in the borough of Patterson, where he is pre
pared to accommodate the most fastidious in
Gents' Fine and Coarse Boots,
CIIILDIl&WS WEAR. d C, JLC.
Also, mendinir done in the neatest manner
and upon the shortest notice. A liberal
share of public patronage is respectfully
solicited. Satisfaction guaranteed.
jejy Shop located on the east side of Tub
carora street, one door south of Main street,
nearly opposite Laird & Bell's store.
J. W. DEAX.
March 8. 1872
NEW BOOT 4 SHOE SHOP
In Kevin's New Suildin; on
BItlDfJK STREET, MIFFLINTOWN.
'V HE undersigned, late of the firm of Fa
1 sick & Sortb, would respectfully an
nounce to the public thatTie has opened a
Boot and Shoe Shop in Major Nevin'a New
Building, on Bridge street, MilBiutown, and
is prepared to manufacture, of the best ma
terial, all kinds of
BOOTS, SHOES AND GAITERS,
GENTS', LADIES AND CHILDREN.
He aleo keeps on hand a large and well
selected stock of .
of all kinds, for men, women and children.
ALL WORK WARBANTEII.
filvo me a call, for I feel confident that I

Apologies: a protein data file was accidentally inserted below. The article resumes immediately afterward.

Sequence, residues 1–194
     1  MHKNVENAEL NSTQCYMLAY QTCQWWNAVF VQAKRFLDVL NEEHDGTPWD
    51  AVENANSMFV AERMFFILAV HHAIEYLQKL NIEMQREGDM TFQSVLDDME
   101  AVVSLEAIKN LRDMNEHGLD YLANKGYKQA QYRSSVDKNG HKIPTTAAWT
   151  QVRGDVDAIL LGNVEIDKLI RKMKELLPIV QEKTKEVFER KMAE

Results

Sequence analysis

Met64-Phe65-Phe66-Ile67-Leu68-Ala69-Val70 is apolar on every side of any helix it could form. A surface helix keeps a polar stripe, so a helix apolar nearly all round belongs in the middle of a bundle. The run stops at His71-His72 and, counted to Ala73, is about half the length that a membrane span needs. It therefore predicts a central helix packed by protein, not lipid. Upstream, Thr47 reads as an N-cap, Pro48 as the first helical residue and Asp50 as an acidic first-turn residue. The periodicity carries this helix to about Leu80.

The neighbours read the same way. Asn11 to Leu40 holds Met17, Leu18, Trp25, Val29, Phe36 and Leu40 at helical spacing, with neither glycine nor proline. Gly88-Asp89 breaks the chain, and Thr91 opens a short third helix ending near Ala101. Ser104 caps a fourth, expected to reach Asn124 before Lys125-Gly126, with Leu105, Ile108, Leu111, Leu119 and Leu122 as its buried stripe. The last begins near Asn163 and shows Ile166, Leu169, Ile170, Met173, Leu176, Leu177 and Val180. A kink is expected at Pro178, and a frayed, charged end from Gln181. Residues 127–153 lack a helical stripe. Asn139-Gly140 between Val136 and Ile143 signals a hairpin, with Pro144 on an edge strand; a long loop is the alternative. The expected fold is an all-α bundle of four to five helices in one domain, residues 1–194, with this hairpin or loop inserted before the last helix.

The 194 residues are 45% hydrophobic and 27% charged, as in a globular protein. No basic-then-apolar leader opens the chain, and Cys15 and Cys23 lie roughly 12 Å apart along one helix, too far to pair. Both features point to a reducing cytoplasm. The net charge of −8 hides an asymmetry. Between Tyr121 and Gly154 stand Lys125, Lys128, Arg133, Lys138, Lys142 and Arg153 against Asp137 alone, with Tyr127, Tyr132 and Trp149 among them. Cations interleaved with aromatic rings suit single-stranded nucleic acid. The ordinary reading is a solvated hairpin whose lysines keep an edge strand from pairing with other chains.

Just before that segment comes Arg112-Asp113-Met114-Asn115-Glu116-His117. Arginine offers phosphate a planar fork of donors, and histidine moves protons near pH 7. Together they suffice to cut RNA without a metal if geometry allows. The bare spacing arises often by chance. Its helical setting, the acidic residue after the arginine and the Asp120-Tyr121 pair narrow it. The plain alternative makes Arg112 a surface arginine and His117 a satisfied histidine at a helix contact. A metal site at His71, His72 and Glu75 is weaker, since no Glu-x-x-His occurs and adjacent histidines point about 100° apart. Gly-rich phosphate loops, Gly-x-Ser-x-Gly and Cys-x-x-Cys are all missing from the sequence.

can furnish you with any kind of work you :
Repairing done neatly and at reason
able rates. .
May 31, IS2.
V LAI.S r)lt VrinHnS nM"7
E"-I'll ESC II 11 T1U.S compounaeu wnu.noi a utoseeu iiioumiui ui auci nm
g"t esre. ma!6 72-ly I yon gpt lhjs n;gut
'Tis a' curious fact as ever was known
But often ia human nature shows,
Alike in castle and cottage
That pride, like pigs of a certain brood,
Will manage to live and thrive on food
As poor as a pauper's pottage!
Of all th notable things of earth.
The queerest thing is the pride of birth
Among our "fierce democracy!"
A bride across a hundred years.
Without a prop to save it from sneers
Xot even a couple of rotten piers
A thing a laughter, flings and jeers
Is American aristocracy!
Depend upon it, my snobbish friend,
Your family thread you cant ascend,
Without good reason to apprehend